4 Benefits of a Warm Up

Soccer Warm Up Pic

 

A Waste of Time?

There are many athletes that view the warm up as a waste of time.  It’s unfortunate that they view it this way.  They obviously don’t understand the true benefits of a properly designed and performed warm up.

So what are the benefits?

1. Increased Flexibility & Mobility – A good warm up can help to improve an athletes flexibility.  Of course this is important for the workout that is about to be undertaken, but it’s also important as part of long term flexibility development.  If an athlete doesn’t take part in activities that increase flexibility, they will lose it.  This includes stretching post-workout and warming up pre-workout.

2. Improved Performance – Warming up helps to increase muscle temperature, tissue flexibility, heart rate, and breathing rate.  All of these physiological responses to a warm up are meant to get your body ready for exercise.  It’s kind of like taking time to warm up your car on a cold morning.    Can you just hop in your car and drive off?  Yes.  Is it going to work as well when you do that?  No.  The same can be said for your body.

3. Decreased Injury Risk – Every time an athlete trains, practices, or competes, there is a chance of an injury.  A warm up is the first thing that an athlete can do to decrease this risk.  The primary reasons behind this are discussed in #1 and #2 above.

4. Improved Mental Focus – How focused are you without a little effort to forget the stresses that filled your day?  After dealing with customers, co-workers, emails, phone calls, traffic, family, etc, most of us are a little bit rattled and unfocused.  Even though many of our athletes may have different stresses, do you think that it’s much different for them?  Even teens have school, jobs, family issues, and social issues.  A warm up helps them to get focused.  It can help them to forget the issues they faced during the day and help them to remember why they are training.  If the workout is in the AM, the warm up can help to wake them up a little bit.  This can lead to improved performance and attitude.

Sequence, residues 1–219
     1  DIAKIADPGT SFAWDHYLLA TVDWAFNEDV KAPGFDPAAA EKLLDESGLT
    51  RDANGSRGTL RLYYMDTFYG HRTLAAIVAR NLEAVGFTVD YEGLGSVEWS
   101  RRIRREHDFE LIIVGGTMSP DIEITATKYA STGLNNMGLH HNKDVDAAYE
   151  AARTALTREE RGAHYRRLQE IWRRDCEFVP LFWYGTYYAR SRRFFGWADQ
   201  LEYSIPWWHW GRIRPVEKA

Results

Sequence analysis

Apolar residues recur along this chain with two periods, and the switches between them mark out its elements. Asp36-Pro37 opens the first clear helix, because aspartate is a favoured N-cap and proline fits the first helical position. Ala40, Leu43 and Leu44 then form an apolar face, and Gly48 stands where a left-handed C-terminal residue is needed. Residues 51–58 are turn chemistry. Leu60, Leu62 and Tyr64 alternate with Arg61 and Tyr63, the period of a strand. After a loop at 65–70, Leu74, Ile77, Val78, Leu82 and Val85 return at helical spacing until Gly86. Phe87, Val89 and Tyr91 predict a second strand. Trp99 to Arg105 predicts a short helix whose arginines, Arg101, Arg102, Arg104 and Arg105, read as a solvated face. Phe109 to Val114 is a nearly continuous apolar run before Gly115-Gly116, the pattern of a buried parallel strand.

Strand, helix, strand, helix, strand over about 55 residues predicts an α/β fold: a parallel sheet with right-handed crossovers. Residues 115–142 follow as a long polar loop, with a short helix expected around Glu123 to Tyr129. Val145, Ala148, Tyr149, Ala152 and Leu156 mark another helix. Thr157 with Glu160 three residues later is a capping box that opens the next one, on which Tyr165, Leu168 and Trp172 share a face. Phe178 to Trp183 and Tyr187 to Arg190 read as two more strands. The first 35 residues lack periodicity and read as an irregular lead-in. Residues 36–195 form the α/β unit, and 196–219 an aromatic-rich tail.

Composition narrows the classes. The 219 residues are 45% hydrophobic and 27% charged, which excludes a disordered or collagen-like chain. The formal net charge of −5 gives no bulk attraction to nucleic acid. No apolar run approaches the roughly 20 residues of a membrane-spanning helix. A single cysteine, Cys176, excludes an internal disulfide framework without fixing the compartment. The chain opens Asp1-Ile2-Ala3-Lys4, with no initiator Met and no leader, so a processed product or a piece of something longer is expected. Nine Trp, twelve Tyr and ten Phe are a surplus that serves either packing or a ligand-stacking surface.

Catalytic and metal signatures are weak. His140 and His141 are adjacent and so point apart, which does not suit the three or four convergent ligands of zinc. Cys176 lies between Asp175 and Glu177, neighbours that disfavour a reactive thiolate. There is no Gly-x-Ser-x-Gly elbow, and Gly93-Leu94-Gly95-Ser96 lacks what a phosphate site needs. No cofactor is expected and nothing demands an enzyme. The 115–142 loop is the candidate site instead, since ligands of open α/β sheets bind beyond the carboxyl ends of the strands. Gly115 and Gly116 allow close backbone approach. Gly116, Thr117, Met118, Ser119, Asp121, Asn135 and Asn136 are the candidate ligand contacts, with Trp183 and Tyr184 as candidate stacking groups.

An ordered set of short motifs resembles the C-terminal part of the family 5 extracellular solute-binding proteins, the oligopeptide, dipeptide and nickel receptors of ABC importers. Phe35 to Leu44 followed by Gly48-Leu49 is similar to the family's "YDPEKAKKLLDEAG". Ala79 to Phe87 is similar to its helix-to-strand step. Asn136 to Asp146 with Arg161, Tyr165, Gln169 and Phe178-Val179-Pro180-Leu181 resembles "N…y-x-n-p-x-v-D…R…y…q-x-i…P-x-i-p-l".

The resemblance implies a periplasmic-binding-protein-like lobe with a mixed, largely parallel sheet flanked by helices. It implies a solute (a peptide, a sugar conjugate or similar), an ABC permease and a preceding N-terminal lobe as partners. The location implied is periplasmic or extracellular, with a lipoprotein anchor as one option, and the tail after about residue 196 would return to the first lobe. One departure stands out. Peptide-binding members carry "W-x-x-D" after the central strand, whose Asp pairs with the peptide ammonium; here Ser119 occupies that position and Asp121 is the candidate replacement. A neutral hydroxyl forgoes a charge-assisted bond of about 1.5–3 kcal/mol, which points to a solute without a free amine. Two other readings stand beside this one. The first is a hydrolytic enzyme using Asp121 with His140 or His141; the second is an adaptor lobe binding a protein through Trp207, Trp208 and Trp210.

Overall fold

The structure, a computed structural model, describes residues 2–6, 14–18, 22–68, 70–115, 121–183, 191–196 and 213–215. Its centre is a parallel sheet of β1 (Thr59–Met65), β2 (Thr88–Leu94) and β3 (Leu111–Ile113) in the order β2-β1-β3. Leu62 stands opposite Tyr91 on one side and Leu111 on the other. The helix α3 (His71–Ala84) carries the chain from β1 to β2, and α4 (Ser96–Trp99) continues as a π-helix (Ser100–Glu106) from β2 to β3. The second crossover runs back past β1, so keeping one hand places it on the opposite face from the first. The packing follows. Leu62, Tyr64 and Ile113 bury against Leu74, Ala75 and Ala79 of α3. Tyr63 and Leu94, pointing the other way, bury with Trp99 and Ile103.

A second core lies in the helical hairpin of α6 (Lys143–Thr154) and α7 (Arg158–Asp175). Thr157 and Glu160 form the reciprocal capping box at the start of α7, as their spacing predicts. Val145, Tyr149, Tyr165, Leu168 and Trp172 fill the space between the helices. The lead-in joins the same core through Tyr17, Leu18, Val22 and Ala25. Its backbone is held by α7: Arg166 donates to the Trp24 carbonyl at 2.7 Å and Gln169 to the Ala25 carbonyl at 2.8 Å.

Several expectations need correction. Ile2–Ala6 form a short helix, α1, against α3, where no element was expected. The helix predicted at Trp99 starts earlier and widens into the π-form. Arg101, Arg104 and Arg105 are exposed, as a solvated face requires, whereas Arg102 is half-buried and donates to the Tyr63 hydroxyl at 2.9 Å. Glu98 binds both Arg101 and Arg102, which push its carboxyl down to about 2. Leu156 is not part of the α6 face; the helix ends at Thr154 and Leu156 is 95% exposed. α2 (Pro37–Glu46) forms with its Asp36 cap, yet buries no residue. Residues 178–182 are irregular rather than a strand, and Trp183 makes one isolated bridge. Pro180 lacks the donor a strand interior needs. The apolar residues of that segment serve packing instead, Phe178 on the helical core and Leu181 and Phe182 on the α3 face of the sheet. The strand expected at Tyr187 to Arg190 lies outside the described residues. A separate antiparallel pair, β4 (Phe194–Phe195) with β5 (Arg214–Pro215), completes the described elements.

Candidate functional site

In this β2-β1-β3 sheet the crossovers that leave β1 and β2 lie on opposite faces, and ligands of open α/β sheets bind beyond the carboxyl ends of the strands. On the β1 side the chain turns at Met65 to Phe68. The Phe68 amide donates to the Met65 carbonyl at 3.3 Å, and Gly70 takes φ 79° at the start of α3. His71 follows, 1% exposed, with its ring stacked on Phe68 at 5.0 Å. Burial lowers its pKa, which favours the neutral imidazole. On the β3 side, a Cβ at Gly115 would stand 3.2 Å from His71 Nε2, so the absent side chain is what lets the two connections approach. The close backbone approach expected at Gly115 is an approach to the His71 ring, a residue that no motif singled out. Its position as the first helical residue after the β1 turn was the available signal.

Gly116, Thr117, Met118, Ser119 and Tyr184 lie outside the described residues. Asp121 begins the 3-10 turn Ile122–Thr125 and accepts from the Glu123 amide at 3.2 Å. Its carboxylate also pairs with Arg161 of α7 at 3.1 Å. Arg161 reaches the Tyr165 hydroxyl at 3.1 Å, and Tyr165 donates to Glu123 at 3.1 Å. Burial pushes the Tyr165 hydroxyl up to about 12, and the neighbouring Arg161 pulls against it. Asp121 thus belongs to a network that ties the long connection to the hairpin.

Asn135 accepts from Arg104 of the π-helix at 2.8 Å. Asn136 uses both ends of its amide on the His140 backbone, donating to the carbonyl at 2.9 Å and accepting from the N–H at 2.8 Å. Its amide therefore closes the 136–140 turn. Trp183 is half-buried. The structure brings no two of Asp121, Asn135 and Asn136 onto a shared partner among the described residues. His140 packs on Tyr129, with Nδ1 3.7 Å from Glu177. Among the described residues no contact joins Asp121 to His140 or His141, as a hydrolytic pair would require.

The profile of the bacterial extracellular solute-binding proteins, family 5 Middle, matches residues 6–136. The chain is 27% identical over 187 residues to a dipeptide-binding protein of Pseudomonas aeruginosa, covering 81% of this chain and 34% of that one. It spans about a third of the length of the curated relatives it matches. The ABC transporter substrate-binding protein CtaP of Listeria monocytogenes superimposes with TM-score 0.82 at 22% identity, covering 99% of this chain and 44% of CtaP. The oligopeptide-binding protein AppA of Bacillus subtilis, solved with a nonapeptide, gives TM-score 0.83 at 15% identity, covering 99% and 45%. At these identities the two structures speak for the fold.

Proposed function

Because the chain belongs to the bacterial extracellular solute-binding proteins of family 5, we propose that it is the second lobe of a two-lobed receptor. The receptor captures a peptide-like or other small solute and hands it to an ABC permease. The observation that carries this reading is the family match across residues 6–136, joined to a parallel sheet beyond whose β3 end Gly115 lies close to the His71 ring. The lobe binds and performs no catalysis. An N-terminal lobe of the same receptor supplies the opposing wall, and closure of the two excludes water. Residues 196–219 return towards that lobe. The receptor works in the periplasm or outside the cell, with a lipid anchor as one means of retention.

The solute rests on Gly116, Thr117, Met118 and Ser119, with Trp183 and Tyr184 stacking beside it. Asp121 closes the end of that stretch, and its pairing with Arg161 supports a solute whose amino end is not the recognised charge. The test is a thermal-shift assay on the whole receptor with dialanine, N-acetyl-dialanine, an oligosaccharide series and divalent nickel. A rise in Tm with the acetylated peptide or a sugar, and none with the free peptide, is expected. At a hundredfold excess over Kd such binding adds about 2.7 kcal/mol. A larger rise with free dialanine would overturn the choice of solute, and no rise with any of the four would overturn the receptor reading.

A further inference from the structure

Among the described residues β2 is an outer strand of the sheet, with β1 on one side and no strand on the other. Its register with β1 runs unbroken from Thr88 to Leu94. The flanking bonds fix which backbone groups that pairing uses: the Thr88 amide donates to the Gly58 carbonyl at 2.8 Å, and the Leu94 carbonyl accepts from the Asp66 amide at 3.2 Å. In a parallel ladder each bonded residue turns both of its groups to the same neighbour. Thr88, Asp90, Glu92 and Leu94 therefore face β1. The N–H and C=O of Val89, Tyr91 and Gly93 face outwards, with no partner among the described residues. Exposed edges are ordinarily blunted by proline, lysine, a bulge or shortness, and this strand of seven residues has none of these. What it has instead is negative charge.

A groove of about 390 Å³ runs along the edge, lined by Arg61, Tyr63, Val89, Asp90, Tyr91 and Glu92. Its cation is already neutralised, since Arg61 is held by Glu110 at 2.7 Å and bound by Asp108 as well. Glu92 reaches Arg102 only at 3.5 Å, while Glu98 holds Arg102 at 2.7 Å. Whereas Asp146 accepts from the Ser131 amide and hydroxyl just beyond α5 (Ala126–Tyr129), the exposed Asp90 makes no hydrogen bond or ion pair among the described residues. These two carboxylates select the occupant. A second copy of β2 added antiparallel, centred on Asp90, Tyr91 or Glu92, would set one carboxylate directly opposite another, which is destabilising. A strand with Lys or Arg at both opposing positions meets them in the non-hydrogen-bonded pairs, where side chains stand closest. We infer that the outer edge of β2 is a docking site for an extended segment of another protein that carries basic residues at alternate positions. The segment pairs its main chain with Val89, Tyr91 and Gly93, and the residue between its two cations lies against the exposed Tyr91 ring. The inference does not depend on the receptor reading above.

While it’s important to take your athletes through a warm up, it’s also important to be able to tell them why they need to do one.  That can help them to give better effort during the warm up instead of just going through the motions.

 

Mark

 

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More Isn’t Always Better – Monitoring For Overtraining

If you deal with high level athletes, overtraining is always a concern.  Of course, even with younger athletes it can become an issue especially if the parents are pushing the kid.  While there is a certain level of work that has to be put in for an athlete to maximize their potential, more isn’t always better when it comes to training.  Overtraining can cause decreases in performance and leave athletes with an increased chance of injury.  Obviously this is the opposite of what we are trying to do.  Overtraining occurs over of a period of time when the athlete is not able to adequately recover from training.  It doesn’t happen just because you have one hard workout.

So how can you monitor your athletes for overtraining?  Here are a few ways:

  • Pay attention during the warm-up – If your athlete just doesn’t have that “bounce in their step” that they normally do, it could be a sign of overtraining.  Watch the drills that the athlete performs and see if it’s just a day that the athlete is taking a little longer to get up to speed or it is a sign of a real issue.  Of course, this tip goes right along with the next one.
  • Talk to your athlete – Want to know how your athlete feels?  Ask them.  Of course, sometimes it helps to know your athlete well.  We’ve all worked with athletes that always feel great and with ones that always have something wrong.  Make sure to talk to your athlete especially before the workout and during the warm up.  This a great time to find out valuable info about eating and sleeping habits and many other factors that can affect their training and recovery.  Ask some questions and if your get some strange responses then make sure to ask more questions.
  • Check their vertical jump – Some coaches advocate using the vertical jump test to evaluate overtraining.  The idea is simple:  an athlete that is overtrained won’t jump as high as they normally do.  This is quick and easy way to check an athlete.
  • Use a questionnaire – Some coaches use a simple questionnaire to get info from the athlete.  The questions are similar to ones that you would ask verbally (ex – “how did you sleep last night?”) but are given in paper form.  While slightly more formal, this can be an effective way to get answers.  It can also enable you to ask some different questions that you might not normally ask during the warm-up (about moods, depression, menstrual changes, etc).  Because of this, it might be a good idea to find or create a questionnaire that can be used occasionally just to get a more complete view of your athletes recovery.

While there are other more expensive ways to monitor for overtraining, such as blood testing, for most of us these are not feasible or necessary.  If you use the above methods you will be able to do an effective job of monitoring your athletes.  This should enable them to continue to improve without any issues.

Mark

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